A while back I purchased a couple of sheets of the latest Colourfix paper. It is a smoother version of the standard paper that was launched by Art Spectrum in 2017
Available colours are the same as the standard Colourfix options which you can view HERE
Art Spectrum® Colourfix™ Smooth is manufactured by screen printing Colourfix™ Smooth Primer onto European Archival 300gsm Hot Pressed watercolour paper making 340gsm pastel paper.
Comparison between the standard Colourfix paper and the smooth version
Below is a magnified image of the Colourfix standard paper versus the smooth surface. As you can see, the standard surface appears quite gritty next to the smooth surface. You can see how the smooth compares to the very popular Pastelmat paper below.
How does the Colourfix smooth compare to Pastelmat?
Here is a magnified image of the Colourfix smooth and Clairfontaine Pastelmat paper comparison. They look and feel exactly the same and I suspect Art Spectrum brought out the Colourfix smooth paper in competition with Pastelmat, knowing how popular the paper is.
Violet flower on Colourfix smooth paper
Having completed a soft pastel drawing on this paper, it reminded me of the popular Pastelmat paper. Pastels go on smoothly and is easy to blend on. As I blend by overlaying pastels rather than using my fingers or tools, this paper makes it easier to do this due to its smoothness, not as easy on the original surface which has more of a tooth. This paper is great for those just starting out with pastels and is suitable for other mediums such as pencils and acrylic paints.
The latest tutorial available on our website, created for inclusion in our autumn newsletter 2020, shows you how to create a Violet flower on the Colourfix smooth paper. Using soft pastels on the Leaf Green Dark tone (you can use any colour surface) we break down the process of base application with pastel blocks to creating the fine details using the PITT pastel pencils (you can use your own pastel range)
**NEW** COLOURFIX™ OPTIMUM BOARD
Loxley spray fixative 200ml is a high quality, colourless, non-yellowing protection medium with UV Filter and is CFC free.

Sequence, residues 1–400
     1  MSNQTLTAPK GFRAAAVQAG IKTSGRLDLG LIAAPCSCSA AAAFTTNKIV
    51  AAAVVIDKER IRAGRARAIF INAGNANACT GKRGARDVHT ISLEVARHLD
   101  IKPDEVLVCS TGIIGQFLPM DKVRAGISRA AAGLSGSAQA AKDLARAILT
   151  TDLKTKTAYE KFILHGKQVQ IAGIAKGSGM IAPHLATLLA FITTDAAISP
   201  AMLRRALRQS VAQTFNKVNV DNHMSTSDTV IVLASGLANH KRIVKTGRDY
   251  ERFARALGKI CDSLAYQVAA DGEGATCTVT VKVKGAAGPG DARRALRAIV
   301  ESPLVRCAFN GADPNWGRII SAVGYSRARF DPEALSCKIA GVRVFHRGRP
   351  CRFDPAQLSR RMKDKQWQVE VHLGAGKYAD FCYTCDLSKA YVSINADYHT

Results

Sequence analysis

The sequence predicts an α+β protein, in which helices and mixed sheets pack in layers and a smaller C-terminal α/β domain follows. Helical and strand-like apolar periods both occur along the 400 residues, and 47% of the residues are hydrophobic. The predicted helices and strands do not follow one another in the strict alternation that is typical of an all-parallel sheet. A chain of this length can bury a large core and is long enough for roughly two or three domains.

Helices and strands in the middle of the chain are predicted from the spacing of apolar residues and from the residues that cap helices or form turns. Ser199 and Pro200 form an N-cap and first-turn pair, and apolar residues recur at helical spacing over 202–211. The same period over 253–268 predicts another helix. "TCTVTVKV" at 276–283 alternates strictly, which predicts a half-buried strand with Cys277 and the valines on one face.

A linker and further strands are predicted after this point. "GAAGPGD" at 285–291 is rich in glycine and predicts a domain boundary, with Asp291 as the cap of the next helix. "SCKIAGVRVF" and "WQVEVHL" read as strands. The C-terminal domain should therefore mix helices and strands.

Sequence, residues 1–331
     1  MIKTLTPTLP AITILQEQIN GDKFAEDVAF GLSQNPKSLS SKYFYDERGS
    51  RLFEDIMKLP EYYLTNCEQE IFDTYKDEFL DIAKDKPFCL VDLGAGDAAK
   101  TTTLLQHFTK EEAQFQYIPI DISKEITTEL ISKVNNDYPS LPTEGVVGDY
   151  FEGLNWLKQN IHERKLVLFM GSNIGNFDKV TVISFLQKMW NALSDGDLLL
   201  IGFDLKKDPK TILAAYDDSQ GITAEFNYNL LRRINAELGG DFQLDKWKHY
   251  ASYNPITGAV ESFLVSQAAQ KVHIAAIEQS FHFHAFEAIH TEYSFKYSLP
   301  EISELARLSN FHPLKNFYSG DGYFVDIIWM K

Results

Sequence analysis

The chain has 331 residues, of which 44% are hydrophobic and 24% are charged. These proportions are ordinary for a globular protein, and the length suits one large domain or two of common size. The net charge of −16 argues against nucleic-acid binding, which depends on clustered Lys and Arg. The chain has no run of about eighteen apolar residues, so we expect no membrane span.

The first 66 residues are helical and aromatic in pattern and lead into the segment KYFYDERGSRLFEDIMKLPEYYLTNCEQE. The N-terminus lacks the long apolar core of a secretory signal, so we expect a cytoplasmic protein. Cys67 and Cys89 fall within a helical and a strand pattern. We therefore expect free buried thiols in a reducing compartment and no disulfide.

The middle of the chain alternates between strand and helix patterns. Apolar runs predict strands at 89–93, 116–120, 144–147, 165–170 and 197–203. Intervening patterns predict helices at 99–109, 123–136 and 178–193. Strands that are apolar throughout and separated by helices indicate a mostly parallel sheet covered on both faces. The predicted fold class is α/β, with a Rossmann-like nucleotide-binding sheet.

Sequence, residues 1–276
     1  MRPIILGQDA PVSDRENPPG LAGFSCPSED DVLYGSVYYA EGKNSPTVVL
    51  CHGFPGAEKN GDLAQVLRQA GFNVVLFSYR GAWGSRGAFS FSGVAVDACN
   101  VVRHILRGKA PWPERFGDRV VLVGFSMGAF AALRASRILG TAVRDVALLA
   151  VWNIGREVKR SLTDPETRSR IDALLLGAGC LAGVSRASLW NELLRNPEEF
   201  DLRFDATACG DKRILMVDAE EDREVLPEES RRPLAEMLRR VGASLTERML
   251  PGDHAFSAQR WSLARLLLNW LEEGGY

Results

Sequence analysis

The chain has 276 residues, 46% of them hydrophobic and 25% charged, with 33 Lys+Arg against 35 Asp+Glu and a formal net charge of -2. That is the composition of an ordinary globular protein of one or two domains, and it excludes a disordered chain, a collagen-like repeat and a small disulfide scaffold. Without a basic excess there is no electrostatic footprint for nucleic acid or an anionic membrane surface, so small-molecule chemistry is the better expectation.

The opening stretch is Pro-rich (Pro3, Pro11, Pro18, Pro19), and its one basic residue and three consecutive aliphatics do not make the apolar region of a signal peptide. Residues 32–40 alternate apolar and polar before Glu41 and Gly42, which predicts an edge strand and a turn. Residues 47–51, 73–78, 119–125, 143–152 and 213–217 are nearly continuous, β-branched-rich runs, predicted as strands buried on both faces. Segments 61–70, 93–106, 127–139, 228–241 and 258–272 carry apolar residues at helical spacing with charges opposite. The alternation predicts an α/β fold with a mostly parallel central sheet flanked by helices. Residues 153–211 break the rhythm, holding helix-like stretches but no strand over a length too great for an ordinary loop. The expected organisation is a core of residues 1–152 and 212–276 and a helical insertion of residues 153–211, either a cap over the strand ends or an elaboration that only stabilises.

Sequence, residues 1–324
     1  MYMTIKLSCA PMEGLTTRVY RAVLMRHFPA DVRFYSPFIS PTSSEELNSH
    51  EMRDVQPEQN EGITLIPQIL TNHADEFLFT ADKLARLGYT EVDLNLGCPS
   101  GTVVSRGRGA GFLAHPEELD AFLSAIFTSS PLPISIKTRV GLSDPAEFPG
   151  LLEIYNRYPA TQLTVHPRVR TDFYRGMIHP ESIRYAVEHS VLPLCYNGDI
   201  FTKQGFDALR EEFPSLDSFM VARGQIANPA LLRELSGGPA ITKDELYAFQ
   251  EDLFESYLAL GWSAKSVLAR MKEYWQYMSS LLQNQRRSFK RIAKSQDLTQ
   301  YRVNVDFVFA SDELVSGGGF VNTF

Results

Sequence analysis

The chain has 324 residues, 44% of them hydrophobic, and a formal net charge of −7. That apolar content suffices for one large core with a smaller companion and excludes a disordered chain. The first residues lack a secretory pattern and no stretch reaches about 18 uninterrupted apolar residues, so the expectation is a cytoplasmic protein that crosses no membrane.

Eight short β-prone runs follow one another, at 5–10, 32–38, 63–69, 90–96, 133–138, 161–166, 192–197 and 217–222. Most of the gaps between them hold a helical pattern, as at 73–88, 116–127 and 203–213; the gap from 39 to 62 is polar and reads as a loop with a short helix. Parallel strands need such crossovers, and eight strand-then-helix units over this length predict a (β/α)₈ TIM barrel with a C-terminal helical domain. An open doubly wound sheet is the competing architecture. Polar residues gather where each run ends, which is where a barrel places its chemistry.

It protects artwork from atmosphere damage caused by moisture and the suns UV rays as well as preventing smudging and is recommended particularly for use on charcoal, pencil, pastel, crayon, chalk drawings and paintings.
This is available in two sizes: 200ml and 400ml.
I have used this product for many years to help seal my graphite and coloured pencil drawings as well as my pastel portraits too. I have tried some other fixatives, but I personally like this one due to the fact that it also includes a UV filter, which offers extra protection. Some fixative nozzles can become blocked which is when spitting happens and this can leave marks on your drawing, particularly noticeable if you use it for your pastel paintings. I have never had that problem with the Loxley one.
When working on my coloured pencil portraits, I sometimes apply a fixative between the layers which helps to extend the working surface and minimise saturation if I have applied a large amount of layers to a particular piece. As the fixative secures previous layers, ensure you have finished blending as you may not be able to do this after sealing it with fixative. In the video above, you can see the Loxley fixative appear in the video showing you where I apply a spray of fixative. There are around 8 or 9 layers on this area alone and as I need to apply highlights to the dark fur, the fixative allows me to do this without muddying the colours. I can then continue with more layers. Once the portrait is complete, I treat it with two layers over the whole of the portrait to minimise smudging and to offer extra protection to the framed portrait, particularly as many people do not choose a UV or museum glass when framing.
If you work with pastels, you may wonder if you should use a fixative on your drawings. Take a look at the comparison photos below and see what may happen if you do. The one on the left is before applying fixative and the one on the right is after. See how the fixative has darkened the colours, creating a more translucent finish. The fixative has dampened the pastel application, causing the darkening of the pastels. This may depend on the pastels you use though as higher quality pastels may not react in the same way as cheaper brand ones due to their being more pigment in them. Many papers, particularly textured ones, do not require a fixative as they hold the pastel well with minimal pastel drop. At the end of the day, the final decision is yours alone.
When spraying, hold the can about 12" away from your upright drawing and spray evenly from top to bottom. It has also been suggested to me that you can turn your drawing 45 degrees and respray, so you are applying a balanced amount over the whole of your drawing. Spray too close and you may create speckling from the aerosol.
Never use hairspray as a fixative. Manufacturers of hairspray make this product for use on hair, not artwork. As hairspray is not acid-free, should you spray it over your artwork, it could cause it to yellow over time. The acid in the hairspray can cause discolouration of the pigment and may also make the paper brittle too. If you have ever used hairspray, you'll note that some can leave a tacky residue behind, not good for your work. It really is better to buy a fixative made for art, which will help protect your work properly for many years.
If you wish to see the final portrait of the Boxer dog being created in the video above, click this link
Karen M Berisford
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